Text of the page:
#ProfileWeek: Freddy the Barber

The Oracle of Fordham Road

The Lowdown on the Boogie Down | Nick Makarov | April 10, 2016

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Early in my first semester at Fordham I desperately needed a haircut. The weekend was right around the corner, and I needed the girls at Tinkers to give me the time of day, so I consulted my neighbor Fr. Phil about where I should go for a cut. He didn’t hesitate to recommend Maximum Barber Shop on Fordham road, next to what is now The Blend “Café” (wink wink — no one knows).

Like a meek fowl wandering around uncharted parts of the forest, I wandered into the barber shop, unsure of what to do. Upon seeing my confusion and discomfort, a bear of a man reached his hand out to me and said, “My friend, I can take you right here.” That man was Freddy, Freddy the Barber

The first thing he said to me when I sat down was, “Okay here’s how this works: if you don’t like the cut, you don’t have to pay for it. A barber’s like family, we gotta trust each other.”

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If you’ve been to Maximum for a cut, or simply walked past on your way to Ram’s Deli for a reluctant meal, chances are you’ve seen Freddy. He’s a commanding presence on the floor, exerting the same bravado as a silverback gorilla monitoring his troop.

During my cuts, Freddy advises me on all fronts: education, girls, travel, the neighborhood. When anyone walks into Maximum, half of the time they’re just looking for Freddy’s advice. On Thursday I decided to be one of those wisdom-seeking patrons. I paid the Oracle of Fordham Road a visit.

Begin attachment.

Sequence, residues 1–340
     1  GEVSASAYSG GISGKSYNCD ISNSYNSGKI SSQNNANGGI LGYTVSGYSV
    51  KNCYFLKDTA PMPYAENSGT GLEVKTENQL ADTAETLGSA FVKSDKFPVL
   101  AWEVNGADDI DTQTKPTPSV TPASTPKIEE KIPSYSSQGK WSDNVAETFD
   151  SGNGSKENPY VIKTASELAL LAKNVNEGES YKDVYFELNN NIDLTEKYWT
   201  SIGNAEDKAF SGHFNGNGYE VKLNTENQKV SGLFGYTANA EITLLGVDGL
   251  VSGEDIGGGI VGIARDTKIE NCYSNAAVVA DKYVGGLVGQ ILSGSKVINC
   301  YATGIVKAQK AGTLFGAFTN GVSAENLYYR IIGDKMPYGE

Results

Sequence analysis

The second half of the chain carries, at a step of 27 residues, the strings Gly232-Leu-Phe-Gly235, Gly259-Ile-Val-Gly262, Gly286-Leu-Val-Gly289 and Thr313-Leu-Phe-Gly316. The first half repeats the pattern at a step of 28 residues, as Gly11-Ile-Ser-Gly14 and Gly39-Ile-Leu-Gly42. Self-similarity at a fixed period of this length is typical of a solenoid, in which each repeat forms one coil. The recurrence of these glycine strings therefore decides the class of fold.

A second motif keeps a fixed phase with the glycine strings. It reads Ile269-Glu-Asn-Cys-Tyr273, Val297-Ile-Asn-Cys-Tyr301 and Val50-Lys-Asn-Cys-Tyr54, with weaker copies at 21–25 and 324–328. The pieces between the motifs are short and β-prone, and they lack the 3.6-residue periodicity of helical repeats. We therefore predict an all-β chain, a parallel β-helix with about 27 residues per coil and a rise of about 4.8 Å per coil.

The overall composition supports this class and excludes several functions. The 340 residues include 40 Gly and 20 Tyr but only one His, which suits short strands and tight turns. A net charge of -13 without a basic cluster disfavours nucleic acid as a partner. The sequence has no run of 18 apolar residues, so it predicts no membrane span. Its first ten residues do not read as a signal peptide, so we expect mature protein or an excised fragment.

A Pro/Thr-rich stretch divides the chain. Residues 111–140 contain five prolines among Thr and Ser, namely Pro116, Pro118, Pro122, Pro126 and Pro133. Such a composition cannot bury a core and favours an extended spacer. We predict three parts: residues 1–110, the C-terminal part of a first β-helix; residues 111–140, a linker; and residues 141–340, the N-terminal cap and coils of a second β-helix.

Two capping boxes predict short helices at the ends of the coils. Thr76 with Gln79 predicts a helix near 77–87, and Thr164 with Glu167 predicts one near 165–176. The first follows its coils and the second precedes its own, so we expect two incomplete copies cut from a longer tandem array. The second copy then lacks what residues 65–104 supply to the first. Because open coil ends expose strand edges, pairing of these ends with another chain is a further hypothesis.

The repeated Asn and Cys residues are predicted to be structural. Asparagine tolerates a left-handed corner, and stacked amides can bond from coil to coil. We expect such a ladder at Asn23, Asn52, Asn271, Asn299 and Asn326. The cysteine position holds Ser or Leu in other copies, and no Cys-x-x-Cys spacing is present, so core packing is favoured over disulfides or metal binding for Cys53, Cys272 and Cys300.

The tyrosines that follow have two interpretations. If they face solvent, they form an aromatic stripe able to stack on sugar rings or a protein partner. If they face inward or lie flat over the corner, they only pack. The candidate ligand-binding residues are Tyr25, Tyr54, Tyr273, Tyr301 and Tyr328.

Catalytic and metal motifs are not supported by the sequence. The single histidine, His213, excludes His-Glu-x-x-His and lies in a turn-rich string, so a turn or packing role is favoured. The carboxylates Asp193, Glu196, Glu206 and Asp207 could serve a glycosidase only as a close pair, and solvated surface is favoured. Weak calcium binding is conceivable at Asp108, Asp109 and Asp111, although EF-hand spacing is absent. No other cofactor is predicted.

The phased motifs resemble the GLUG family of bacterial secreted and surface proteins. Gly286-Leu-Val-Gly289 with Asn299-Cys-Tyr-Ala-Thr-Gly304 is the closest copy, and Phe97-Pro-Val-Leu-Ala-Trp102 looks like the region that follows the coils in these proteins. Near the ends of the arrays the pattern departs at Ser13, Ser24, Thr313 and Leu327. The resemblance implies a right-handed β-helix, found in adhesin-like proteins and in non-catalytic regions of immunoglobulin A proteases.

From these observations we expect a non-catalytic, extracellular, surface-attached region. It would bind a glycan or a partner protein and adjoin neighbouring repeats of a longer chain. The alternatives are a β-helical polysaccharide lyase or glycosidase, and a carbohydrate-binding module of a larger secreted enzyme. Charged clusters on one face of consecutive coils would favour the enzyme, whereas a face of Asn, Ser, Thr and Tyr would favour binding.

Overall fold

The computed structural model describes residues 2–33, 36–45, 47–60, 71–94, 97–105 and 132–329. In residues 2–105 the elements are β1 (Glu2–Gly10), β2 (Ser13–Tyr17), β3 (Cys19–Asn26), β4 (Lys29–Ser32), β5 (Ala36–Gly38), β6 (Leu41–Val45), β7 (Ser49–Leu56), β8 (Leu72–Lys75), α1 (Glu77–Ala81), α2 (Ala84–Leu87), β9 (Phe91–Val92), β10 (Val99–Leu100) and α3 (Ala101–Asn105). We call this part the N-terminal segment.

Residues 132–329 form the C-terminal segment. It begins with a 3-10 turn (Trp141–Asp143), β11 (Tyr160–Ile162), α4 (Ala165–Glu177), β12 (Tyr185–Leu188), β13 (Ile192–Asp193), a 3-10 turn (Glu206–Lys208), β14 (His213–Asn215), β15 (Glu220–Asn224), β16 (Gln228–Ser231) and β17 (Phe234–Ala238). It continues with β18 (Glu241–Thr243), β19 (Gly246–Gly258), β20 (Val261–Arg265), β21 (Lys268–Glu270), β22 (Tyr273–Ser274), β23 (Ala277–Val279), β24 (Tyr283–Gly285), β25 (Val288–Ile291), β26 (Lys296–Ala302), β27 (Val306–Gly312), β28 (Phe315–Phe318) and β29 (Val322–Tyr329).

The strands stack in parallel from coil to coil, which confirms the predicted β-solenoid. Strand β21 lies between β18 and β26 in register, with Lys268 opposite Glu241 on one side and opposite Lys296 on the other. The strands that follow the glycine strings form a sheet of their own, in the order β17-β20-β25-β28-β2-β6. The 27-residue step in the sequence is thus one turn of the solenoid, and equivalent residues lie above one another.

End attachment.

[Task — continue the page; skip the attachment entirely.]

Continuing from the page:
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When you talk to Freddy you quickly realize that he is totally and completely at peace. His demeanor is such that he will gladly accept anything or anyone that comes his way, and you know what? It won’t ruin his plans. It won’t interfere with whatever he’s doing. He’s forever present.

Looking back on his life Freddy said, “There’s nothing I would have done differently. I think I did everything right.” How fucking cool is this eh? I’m a neurotic 21-year-old doing everything I can to avoid regret, and here this barber sits, wholeheartedly content with all of his life choices.

Freddy attributes this solace to self-awareness.

“You gotta be exposed to certain things, man. Nowadays, these kids have no guidance. Happiness starts with the self, and you get to know yourself through education. It’s so important.”

He then recounted his early life for me. Freddy grew up in Brooklyn, but then moved to Puerto Rico when he was 10. “As an American immigrant, I actually faced a lot of racism from native Puerto Ricans. I didn’t really expect that.”

“Don’t worry about the next step. The next step always finds you, not the other way around.” Freddy learned how to cut hair when he was 17 in Puerto Rico just so that he could always have something to fall back on, something to sustain him going forward. From then on he immersed himself in whatever came his way. He was an English teacher; he worked in hospitality. He lived in Florida, Spain, and Germany. He visited Morocco.

Freddy mentioned that he lived in Florida in the 80’s, so I had to inquire about that time, because you know, I’ve seen Narcos. “Oh Florida was crazy. Lots of cocaine. But in a weird way, it was tranquil. Not at all like it is now. Too many buildings.”

He’s also had a handful of wives all over the world. Not at the same time of course.